Macbeth not only is the shortest of William Shakespeare’s great tragedies but also is anomalous in some structural respects. Like Othello, the Moor of Venice (pr. 1604, pb. 1622) and only a very few other Shakespearean plays, Macbeth is without the complications of a subplot. Consequently, the action moves forward in a swift and inexorable rush. More significantly, the climax—the murder of Duncan—takes place very early in the play. As a result, attention is focused on the various consequences of the crime rather than on the ambiguities or moral dilemmas that had preceded and occasioned it.
In this, the play differs from Othello, where the hero commits murder only after long plotting, and from Hamlet, Prince of Denmark (pr. c. 1600-1601, pb. 1603), where the hero spends most of the play in moral indecision. Macbeth is more like King Lear (pr. c. 1605-1606, pb. 1608), where destructive action flows from the central premise of the division of the kingdom. However, Macbeth differs from that play, too, in that it does not raise the monumental, cosmic questions of good and evil in nature. Instead, it explores the moral and psychological effects of evil in the life of one man. For all the power and prominence of Lady Macbeth, the drama remains essentially the story of the lord who commits regicide and thereby enmeshes himself in a complex web of consequences.
When Macbeth first enters, he is far from the villain whose experiences the play subsequently describes. He has just returned from a glorious military success in defense of the Crown. He is rewarded by the grateful Duncan, with preferment as thane of Cawdor. This honor, which initially qualifies him for the role of hero, ironically intensifies the horror of the murder Macbeth soon commits.
Macbeth’s fall is rapid, and his crime is more clearly a sin than is usually the case in tragedy. It is not mitigated by mixed motives or insufficient knowledge. Moreover, the sin is regicide, an action viewed during the Renaissance as exceptionally foul, since it struck at God’s representative on Earth. The sin is so boldly offensive that many have tried to find extenuation in the impetus given Macbeth by the witches. However, the witches do not control behavior in the play. They are symbolic of evil and prescient of crimes that are to come, but they neither encourage nor facilitate Macbeth’s actions. They are merely a poignant external symbol of the ambition that is already within Macbeth. Indeed, when he discusses the witches’ prophecy with Lady Macbeth, it is clear that the possibility has been discussed before.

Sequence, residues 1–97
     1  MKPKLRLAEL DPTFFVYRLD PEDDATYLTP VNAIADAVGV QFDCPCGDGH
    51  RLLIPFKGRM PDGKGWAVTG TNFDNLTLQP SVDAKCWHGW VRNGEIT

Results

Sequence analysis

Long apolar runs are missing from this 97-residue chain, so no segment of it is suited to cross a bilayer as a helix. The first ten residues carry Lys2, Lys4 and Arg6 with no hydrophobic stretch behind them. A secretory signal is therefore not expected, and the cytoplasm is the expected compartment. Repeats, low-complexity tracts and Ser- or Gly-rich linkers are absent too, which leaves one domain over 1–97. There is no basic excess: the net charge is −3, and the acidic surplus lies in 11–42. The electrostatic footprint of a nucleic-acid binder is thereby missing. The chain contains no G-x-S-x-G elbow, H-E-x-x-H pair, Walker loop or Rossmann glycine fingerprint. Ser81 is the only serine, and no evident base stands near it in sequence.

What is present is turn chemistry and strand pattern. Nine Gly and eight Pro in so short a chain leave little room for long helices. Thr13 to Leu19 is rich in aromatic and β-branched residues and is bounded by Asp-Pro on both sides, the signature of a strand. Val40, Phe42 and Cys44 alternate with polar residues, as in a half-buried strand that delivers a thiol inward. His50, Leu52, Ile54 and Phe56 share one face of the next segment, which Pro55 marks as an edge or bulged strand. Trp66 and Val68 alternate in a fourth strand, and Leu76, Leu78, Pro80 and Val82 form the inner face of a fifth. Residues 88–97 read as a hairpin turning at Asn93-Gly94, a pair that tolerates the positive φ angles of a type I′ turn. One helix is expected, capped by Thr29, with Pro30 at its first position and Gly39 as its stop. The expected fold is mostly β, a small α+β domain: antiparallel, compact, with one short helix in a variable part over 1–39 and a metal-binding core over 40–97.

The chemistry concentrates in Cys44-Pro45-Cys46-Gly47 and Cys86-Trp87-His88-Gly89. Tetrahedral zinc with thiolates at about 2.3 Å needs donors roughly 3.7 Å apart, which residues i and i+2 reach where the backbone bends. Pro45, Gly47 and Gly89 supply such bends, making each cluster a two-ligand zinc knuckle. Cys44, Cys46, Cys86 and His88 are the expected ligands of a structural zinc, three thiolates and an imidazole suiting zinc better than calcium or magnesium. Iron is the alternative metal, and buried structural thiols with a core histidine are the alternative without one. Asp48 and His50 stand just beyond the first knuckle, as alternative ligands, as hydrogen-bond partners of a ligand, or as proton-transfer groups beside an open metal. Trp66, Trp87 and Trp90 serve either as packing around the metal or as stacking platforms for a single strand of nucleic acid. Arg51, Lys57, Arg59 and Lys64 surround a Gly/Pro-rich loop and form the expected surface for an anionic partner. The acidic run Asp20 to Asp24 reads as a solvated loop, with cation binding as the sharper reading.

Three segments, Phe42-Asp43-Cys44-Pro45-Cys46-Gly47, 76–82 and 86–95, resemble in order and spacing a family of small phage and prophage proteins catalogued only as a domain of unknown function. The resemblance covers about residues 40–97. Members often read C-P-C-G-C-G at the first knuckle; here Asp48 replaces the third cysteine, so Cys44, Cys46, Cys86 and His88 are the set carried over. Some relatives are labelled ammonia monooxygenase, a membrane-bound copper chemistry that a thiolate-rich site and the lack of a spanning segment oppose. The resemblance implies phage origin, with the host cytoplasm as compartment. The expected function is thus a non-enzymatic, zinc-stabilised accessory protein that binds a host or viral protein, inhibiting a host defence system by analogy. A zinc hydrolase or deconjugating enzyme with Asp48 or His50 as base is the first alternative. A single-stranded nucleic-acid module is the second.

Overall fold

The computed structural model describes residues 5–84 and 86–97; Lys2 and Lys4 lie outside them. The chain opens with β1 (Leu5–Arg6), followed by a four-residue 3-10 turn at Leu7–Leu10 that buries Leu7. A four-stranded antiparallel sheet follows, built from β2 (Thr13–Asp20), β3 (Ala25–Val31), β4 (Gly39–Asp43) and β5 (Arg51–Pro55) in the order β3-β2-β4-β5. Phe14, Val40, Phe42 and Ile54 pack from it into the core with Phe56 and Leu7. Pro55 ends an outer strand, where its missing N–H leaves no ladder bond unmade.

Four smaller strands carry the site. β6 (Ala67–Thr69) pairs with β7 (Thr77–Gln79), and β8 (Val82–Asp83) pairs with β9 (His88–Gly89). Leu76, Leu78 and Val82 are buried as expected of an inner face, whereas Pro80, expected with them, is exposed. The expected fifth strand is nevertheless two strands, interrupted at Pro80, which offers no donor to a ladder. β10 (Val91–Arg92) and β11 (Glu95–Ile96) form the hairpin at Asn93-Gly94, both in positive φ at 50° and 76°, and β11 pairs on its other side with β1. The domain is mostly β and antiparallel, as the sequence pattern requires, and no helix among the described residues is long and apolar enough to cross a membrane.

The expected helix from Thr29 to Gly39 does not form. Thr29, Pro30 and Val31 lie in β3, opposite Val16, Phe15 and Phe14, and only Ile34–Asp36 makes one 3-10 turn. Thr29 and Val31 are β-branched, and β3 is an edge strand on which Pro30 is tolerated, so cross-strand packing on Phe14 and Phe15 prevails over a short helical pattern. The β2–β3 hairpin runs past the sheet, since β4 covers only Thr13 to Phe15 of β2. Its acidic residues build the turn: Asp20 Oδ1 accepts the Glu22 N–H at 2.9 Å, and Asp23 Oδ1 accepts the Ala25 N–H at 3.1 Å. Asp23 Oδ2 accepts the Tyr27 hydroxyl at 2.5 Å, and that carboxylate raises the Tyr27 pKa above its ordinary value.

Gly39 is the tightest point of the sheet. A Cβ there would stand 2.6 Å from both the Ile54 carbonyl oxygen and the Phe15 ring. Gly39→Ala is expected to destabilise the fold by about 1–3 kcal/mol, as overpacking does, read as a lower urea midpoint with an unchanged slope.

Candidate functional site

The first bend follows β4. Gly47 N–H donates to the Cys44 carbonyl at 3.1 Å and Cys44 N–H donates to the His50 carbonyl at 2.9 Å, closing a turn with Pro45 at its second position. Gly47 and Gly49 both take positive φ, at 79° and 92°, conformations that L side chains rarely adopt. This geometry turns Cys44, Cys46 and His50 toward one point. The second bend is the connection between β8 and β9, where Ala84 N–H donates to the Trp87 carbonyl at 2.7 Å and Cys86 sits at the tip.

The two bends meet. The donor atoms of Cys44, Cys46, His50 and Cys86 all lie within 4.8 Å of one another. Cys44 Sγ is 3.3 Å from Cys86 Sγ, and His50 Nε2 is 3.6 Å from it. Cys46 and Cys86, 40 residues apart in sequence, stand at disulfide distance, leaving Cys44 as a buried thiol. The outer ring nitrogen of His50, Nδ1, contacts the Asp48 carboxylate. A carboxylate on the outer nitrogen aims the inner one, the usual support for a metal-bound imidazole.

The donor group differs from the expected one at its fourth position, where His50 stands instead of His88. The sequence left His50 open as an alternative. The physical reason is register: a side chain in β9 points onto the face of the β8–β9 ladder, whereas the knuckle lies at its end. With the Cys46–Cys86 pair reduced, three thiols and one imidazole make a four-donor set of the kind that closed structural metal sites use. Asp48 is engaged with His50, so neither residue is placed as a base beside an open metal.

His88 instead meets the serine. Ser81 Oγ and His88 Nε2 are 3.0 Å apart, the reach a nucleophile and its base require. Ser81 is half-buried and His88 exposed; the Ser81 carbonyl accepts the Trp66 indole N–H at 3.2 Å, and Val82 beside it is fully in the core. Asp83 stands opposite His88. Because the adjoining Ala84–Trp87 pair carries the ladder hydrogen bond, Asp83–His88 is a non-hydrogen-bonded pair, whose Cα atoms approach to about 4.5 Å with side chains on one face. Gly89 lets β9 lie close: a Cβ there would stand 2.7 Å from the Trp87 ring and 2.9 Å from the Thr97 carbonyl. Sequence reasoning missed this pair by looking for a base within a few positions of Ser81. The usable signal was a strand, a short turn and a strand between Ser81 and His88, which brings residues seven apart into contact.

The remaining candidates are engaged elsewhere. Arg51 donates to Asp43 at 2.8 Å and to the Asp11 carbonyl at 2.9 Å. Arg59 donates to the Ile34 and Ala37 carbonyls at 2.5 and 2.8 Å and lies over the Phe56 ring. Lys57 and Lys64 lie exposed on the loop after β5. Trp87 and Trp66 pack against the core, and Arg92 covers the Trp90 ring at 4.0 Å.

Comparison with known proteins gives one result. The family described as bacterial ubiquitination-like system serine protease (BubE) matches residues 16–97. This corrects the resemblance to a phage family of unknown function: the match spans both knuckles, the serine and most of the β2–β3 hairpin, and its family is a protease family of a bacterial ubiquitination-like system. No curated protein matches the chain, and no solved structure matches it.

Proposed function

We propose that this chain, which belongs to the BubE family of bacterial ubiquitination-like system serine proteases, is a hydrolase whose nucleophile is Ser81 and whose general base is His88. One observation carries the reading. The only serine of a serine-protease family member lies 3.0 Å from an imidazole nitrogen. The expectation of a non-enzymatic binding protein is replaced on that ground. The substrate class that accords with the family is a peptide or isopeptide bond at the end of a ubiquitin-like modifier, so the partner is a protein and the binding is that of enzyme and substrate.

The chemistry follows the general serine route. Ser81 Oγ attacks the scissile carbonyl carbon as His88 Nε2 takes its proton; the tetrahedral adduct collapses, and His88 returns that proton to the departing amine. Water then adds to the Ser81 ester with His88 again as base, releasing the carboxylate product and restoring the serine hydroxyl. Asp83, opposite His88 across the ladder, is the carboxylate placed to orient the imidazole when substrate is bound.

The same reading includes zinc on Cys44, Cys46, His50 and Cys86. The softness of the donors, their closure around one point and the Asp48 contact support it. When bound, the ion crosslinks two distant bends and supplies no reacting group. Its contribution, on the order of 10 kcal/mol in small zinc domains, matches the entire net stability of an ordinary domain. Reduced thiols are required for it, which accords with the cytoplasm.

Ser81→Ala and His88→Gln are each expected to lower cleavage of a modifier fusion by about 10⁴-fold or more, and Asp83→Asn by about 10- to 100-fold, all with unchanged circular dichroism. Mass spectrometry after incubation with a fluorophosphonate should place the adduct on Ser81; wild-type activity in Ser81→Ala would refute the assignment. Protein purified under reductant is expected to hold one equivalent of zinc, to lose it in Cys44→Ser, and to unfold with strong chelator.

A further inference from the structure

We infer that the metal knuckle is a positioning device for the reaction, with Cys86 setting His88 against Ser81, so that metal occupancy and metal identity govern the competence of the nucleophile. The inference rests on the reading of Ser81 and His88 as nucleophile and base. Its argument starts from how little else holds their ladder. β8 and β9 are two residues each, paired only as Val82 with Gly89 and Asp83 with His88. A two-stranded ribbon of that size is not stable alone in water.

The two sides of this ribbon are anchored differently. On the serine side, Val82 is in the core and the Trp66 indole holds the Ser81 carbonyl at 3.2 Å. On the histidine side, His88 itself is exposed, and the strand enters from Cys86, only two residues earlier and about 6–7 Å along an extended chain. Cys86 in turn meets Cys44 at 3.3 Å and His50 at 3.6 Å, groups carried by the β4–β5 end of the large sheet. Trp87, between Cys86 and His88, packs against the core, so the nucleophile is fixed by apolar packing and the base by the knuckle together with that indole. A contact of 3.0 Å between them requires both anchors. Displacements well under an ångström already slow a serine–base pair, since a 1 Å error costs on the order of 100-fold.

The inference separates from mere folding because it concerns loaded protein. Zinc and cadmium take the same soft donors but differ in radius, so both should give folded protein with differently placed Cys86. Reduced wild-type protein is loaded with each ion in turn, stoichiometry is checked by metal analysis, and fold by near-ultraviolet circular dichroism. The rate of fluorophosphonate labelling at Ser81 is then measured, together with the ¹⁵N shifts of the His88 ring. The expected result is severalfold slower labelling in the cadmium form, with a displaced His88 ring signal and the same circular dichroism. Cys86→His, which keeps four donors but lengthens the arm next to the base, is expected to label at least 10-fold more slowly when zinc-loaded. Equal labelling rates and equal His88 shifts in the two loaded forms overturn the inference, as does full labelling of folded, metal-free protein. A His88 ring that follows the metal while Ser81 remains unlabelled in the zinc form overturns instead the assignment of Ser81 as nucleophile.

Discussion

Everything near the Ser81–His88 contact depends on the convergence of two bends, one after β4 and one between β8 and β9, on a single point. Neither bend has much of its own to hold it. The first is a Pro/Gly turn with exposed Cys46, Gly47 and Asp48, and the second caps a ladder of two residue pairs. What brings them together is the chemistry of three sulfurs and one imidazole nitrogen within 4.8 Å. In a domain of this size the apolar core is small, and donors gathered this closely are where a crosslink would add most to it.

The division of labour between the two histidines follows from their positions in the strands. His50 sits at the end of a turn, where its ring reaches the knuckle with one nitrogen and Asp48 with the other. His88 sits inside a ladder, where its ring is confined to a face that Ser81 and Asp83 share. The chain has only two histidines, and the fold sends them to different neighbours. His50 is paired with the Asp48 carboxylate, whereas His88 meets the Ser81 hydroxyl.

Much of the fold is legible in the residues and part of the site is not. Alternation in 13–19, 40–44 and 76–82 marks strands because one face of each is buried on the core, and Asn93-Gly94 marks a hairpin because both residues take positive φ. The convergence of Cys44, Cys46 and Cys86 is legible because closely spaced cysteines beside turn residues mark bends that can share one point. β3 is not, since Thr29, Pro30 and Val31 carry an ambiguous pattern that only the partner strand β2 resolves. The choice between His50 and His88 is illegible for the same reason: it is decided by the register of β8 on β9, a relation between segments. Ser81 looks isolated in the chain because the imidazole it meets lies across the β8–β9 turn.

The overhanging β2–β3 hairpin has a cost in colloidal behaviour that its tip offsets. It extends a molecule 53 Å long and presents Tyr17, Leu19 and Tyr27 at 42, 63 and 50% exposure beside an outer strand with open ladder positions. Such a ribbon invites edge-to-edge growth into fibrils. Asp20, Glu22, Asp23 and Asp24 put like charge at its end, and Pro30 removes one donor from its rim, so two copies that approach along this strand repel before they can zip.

The responsibility cannot be shifted to Lady Macbeth, despite her goading. In a way, she is merely acting out the role of the good wife, encouraging her husband to do what she believes to be in his best interests. She is a catalyst and supporter, but she does not make the grim decision, and Macbeth never tries to lay the blame on her.
When Macbeth proceeds on his bloody course, there is little extenuation in his brief failure of nerve. He is an ambitious man overpowered by his high aspirations, yet Shakespeare is able to elicit feelings of sympathy for him from the audience. Despite the evil of his actions, he does not arouse the distaste audiences reserve for such villains as Iago and Cornwall. This may be because Macbeth is not evil incarnate but a human being who has sinned. Moreover, audiences are as much affected by what Macbeth says about his actions as by the deeds themselves. Both substance and setting emphasize the great evil, but Macbeth does not go about his foul business easily. He knows what he is doing, and his agonizing reflections show a person increasingly losing control over his own moral destiny.
Although Lady Macbeth demonstrated greater courage and resolution at the time of the murder of Duncan, it is she who falls victim to the physical manifestations of remorse and literally dies of guilt. Macbeth, who starts more tentatively, becomes stronger, or perhaps more inured, as he faces the consequences of his initial crime. The play examines the effects of evil on Macbeth’s character and on his subsequent moral behavior. The later murders flow naturally out of the first. Evil breeds evil because Macbeth, to protect himself and consolidate his position, is forced to murder again. Successively, he kills Banquo, attempts to murder Fleance, and brutally exterminates Macduff’s family. As his crimes increase, Macbeth’s freedom seems to decrease, but his moral responsibility does not. His actions become more cold-blooded as his options disappear.
Shakespeare does not allow Macbeth any moral excuses. The dramatist is aware of the notion that any action performed makes it more likely that the person will perform other such actions. The operation of this phenomenon is apparent as Macbeth finds it increasingly easier to rise to the gruesome occasion. However, the dominant inclination never becomes a total determinant of behavior, so Macbeth does not have the excuse of loss of free will. It does, however, become ever more difficult to break the chain of events that are rushing him toward moral and physical destruction.
As Macbeth degenerates, he becomes more deluded about his invulnerability and more emboldened. What he gains in will and confidence is counterbalanced and eventually toppled by the iniquitous weight of the events he set in motion and felt he had to perpetuate. When he dies, he seems almost to be released from the imprisonment of his own evil.